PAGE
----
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Contraceptive Injection

Contraceptive injections are the preferred contraceptive for around 3% of women in the UK and are used by millions more women around the world. For many people the contraceptive injection, or 'jab', is an ideal option as it provides long-term protection without the need for regular updating or upkeep. For many women, knowing that they will be protected for a certain amount of time after the injection is administered is a definite bonus.

It is important for women seeking contraception to compare the contraceptive methods are available to them. Contraceptive injection use, for example, is likely to be considered by women seeking mid to long-term protection, however there are several other methods that they may also consider. Comparing the different varieties of contraceptive to find the best choice is an important part of making sure that a woman makes the best choice for her.

Contraceptive Injection

How The Contraceptive Injection Works

The contraceptive jab works by gradually releasing the hormone progestogen into the bloodstream, which in turn prevents the ovaries from releasing the eggs during ovulation. It also causes mucus in the cervix to thicken, preventing sperm from reaching any unfertilised eggs, and the lining of the womb to thin so that it cannot support a fertilised egg. The administering of the injection depends on the jab that you choose, but the injection will be on the bottom, on the arm or in the abdomen or thigh.

Benefits Of Contraceptive Injection

The benefits of the jab are varied and reasons for choosing it can vary from person to person. For those wondering how effective the contraceptive jab is, some of the most commonly mentioned benefits include:

  • Long-term protection
  • More than 99% effectiveness
  • No chance of user-failure
  • No adverse effects when used with other medication
  • No interruption to sexual activity
  • Suitability for women who cannot use oestrogen

Disadvantages Of Contraceptive Injection

As with the benefits, the disadvantages of the contraceptive injection can and will likely vary from woman to woman. For some women the semi-permanency of the jab is a concern, with its effects not wearing off until the medication has run its course and with their being no way of counteracting it except to wait. This type of contraceptive is unlikely to appeal to women who have an issue with injections and needles and, in addition, some women have been put off by the idea of having to visit their doctor for a refresher injection every two to three months.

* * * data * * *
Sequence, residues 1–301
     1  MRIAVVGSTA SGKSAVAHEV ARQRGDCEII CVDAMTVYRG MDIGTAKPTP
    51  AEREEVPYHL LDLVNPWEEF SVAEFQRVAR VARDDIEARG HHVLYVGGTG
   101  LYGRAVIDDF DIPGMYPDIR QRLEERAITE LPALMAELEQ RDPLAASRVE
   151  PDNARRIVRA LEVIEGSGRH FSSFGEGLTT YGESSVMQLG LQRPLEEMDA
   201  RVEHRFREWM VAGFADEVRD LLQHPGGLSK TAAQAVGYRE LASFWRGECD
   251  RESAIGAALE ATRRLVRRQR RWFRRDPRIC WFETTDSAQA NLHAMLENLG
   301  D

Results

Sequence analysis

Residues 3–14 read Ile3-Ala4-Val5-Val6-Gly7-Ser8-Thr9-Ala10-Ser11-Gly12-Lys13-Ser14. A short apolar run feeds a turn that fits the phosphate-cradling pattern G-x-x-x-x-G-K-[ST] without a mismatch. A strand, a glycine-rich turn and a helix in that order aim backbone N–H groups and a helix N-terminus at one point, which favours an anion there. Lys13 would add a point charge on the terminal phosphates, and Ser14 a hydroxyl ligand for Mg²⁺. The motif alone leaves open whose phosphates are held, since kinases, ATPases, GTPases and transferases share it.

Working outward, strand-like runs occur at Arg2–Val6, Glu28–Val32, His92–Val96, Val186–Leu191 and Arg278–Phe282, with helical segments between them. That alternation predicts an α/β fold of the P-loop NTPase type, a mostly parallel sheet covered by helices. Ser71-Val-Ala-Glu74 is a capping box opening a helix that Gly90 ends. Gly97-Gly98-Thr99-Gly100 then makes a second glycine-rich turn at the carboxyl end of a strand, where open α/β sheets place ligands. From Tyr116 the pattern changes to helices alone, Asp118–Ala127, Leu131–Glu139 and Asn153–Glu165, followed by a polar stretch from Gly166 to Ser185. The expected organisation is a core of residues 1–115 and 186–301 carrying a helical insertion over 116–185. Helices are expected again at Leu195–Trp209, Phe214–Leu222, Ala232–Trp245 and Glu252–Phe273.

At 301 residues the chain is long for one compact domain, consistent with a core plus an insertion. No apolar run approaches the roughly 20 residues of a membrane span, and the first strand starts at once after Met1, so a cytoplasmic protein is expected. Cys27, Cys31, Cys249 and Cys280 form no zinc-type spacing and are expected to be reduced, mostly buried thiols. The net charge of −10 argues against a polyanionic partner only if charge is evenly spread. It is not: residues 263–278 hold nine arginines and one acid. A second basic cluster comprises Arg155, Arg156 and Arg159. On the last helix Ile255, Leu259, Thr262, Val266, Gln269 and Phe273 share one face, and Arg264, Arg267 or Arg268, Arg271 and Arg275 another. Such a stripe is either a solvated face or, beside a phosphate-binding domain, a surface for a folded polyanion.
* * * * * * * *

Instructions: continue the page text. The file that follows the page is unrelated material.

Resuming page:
Who Cannot Use This Contraceptive Method?

The contraceptive injection is not suitable for everyone, and if you are pregnant or breastfeeding then you may not be allowed to use it. The jab may also be unsuitable for women suffering from other conditions such as heart disease, liver disease or breast cancer, for example. Additionally, a doctor is likely to advise against using this form of contraception where women have had adverse reactions to progestogen, the active ingredient in contraceptive jabs.

Are There Any Side Effects?

As with most medications, there is a chance that a person will experience side effects after receiving the injection; though it is often rare and is unlikely to cause any prolonged issues, the side effects with the injected contraceptive can sometimes include period disruption, weight gain and, in some very rare cases, infection at the site of injection.

Where Can I Get The Contraceptive Jab?

In order to use this contraceptive method you must visit a doctor. A patient cannot administer the injection herself and so maintaining your protection will require regular visits to your GP or local sexual health clinic. For some people the regular visits to the doctor can be off-putting and so, if this is the case, the contraceptive jab is unlikely to be a good fit.

What Other Options Are There?

It is important to compare the contraceptive injection with other options, as it may be that some women would prefer a less-permanent contraceptive treatment. There are various other options available and it is likely that, for some people, the less permanent option would be more suitable. Not using a long-term contraceptive is especially important for women who are not entirely sure about when they are going to want to be able to conceive – in those cases, a more flexible treatment is likely to be preferred. Additionally, for some women who do not want to have to regularly visit their doctor to maintain their level of protection, different options such as the combined contraceptive pill, mini-pill,

If you are currently using the contraceptive jab and are looking to switch to a more flexible option then it is always worth considering the benefits of the various oral contraceptive methods that can be found on the site.

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